Choosing a care home is more stressful than buying a house or deciding where your child goes to school, according to the NHS watchdog.
The Care Quality Commission (CQC) says determining who should look after your loved one is one life’s most difficult experiences.
Many adults are concerned that they are abandoning their own caring responsibilities or placing a relative in a failing home.
Research shows that people selecting a care home rank it up there as one of the toughest decisions they’ve had to make
Others worry that they won’t be able to afford the fees – the move is often made at a time of crisis, such as following a fall or stroke.
Research by the CQC found that 52 per cent of adults who had previously chosen a care home found it to be one of life’s top three most stressful decisions.
Another 70 per cent said it was more stressful than buying a new home, determining where their child goes to school or nursery and picking a wedding venue.
The CQC wants to make the public aware of its own detailed inspection reviews of care homes which are published on its website.
Each care home is given an Ofsted-style award of excellent through to inadequate and the worst reports are highly critical.
The research of 1,000 adults also found that 30 per cent said choosing home help for a relative was one of the top three most difficult decisions.
Andrea Sutcliffe, CQC’s Chief Inspector of Adult Social Care said: ‘Choosing care can be a real worry for people, their families and carers, wondering who or where to turn to – but CQC can help.
‘The public needs to know about the quality of care services available and they also need to be reassured that if there are any problems, these are being identified and tackled.’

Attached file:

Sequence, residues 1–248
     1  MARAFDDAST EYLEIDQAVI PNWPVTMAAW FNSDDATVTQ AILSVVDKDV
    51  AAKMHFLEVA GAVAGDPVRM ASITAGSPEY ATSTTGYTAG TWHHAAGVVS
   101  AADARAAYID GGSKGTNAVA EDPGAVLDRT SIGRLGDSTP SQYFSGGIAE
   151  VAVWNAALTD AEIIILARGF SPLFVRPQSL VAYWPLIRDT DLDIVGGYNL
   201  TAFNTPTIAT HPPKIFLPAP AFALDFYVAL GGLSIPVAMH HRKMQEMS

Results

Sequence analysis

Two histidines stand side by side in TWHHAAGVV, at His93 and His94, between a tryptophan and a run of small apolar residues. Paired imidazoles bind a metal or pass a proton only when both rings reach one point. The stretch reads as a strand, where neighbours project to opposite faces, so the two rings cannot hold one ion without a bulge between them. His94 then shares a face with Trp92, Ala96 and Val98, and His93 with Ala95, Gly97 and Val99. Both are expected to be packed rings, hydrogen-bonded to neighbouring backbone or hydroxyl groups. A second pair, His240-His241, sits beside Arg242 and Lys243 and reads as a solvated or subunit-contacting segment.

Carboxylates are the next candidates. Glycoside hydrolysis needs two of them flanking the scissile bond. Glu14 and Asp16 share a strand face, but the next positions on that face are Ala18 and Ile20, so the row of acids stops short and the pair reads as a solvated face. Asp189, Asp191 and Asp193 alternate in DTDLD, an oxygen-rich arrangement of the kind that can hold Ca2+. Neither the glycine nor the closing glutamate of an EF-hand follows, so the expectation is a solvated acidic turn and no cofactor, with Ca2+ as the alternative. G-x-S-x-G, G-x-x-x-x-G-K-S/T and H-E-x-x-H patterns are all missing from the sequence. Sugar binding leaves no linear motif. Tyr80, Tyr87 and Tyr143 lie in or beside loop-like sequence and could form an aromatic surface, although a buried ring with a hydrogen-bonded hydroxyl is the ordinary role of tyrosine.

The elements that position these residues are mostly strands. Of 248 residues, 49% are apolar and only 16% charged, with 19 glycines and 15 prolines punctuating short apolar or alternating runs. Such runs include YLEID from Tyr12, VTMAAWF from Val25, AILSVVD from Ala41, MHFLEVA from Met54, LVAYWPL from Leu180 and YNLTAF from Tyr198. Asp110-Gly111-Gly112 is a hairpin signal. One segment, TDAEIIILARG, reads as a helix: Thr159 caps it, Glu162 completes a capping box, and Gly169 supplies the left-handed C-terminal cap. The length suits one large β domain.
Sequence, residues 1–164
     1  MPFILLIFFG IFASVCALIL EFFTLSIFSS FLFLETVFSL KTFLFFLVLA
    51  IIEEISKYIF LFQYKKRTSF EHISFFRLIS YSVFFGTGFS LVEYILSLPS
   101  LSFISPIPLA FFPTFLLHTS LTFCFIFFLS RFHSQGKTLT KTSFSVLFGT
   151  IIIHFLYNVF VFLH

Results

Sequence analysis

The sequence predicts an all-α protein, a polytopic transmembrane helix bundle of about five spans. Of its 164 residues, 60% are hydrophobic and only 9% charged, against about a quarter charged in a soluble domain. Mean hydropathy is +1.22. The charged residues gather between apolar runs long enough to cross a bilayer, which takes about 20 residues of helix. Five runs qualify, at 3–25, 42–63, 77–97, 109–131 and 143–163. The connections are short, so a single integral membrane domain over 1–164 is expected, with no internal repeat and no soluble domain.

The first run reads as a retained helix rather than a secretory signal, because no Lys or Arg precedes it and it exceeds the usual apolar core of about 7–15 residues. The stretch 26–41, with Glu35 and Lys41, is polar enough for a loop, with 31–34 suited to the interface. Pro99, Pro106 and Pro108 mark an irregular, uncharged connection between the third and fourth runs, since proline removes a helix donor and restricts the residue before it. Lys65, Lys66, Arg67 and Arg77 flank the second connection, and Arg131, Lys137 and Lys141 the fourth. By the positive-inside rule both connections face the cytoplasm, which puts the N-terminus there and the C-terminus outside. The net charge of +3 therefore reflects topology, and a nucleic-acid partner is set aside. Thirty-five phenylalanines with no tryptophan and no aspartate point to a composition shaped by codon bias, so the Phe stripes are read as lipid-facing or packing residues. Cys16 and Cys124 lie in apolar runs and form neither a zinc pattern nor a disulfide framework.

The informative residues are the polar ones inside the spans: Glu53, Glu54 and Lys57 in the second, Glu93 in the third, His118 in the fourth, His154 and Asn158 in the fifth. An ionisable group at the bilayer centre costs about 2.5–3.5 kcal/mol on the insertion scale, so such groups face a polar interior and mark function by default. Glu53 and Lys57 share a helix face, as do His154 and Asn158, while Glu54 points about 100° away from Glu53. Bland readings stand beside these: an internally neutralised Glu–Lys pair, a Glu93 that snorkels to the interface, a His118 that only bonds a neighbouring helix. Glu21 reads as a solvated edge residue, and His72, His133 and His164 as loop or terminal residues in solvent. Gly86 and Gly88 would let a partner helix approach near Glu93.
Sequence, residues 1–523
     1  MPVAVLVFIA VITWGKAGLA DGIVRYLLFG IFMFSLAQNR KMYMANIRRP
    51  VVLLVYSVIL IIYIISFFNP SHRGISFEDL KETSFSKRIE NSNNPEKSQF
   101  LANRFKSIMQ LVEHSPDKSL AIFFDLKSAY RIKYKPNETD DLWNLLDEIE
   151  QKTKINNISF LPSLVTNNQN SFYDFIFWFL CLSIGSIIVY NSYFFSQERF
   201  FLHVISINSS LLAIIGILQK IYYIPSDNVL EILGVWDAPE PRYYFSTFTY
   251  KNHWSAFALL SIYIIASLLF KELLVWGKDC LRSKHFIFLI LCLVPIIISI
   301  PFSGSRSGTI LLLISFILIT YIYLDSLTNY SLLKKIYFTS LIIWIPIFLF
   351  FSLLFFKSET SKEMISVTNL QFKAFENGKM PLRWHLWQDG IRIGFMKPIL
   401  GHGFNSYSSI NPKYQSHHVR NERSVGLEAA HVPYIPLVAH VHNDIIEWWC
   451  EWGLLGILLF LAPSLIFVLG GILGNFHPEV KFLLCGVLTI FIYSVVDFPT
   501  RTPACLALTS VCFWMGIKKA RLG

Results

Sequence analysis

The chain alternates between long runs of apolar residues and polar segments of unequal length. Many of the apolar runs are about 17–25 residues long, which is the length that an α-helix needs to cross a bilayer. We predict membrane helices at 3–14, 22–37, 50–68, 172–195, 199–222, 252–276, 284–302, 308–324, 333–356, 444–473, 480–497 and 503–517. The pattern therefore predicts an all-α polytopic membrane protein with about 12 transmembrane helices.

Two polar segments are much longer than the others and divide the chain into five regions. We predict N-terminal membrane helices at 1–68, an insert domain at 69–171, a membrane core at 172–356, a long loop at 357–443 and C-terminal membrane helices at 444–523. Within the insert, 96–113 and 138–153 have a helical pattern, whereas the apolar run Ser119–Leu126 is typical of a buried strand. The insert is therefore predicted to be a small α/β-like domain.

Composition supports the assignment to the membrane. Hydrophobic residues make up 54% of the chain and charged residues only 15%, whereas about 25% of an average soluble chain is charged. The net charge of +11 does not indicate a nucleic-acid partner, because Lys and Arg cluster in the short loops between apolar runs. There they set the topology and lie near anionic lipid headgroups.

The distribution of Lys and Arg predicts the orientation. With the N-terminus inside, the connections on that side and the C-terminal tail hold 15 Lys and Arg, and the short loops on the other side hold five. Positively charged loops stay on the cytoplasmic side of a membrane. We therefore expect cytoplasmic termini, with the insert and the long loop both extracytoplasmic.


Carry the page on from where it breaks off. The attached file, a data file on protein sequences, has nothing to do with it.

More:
The research also revealed that 70 per cent of adults said it was more stressful than buying a new home
Caroline Dinenage, minister of state for care said: ‘Decisions around care for loved ones are daunting and often made under a lot of pressure. Making the right choice can feel challenging and sometimes overwhelming.’
Emily Holzhausen OBE, director of policy and public affairs at the charity, Carers UK, said: ‘Being able to quickly access information to help you make the right decision about the best care for a loved one makes a huge difference in what can be an immensely stressful time.
‘Decisions about long term care are often made at a time of crisis and have important consequences not only for the health and wellbeing of the person with care needs but for their families too. CQC ratings are a simple way of seeing the quality of care being provided by a service and give families confidence in choosing care.’
Figures from the CQC last July found that a third of nursing and residential homes were either inadequate or requires improvement.
In the worst homes elderly residents were left doing nothing all day and struggling to feed themselves at mealtimes.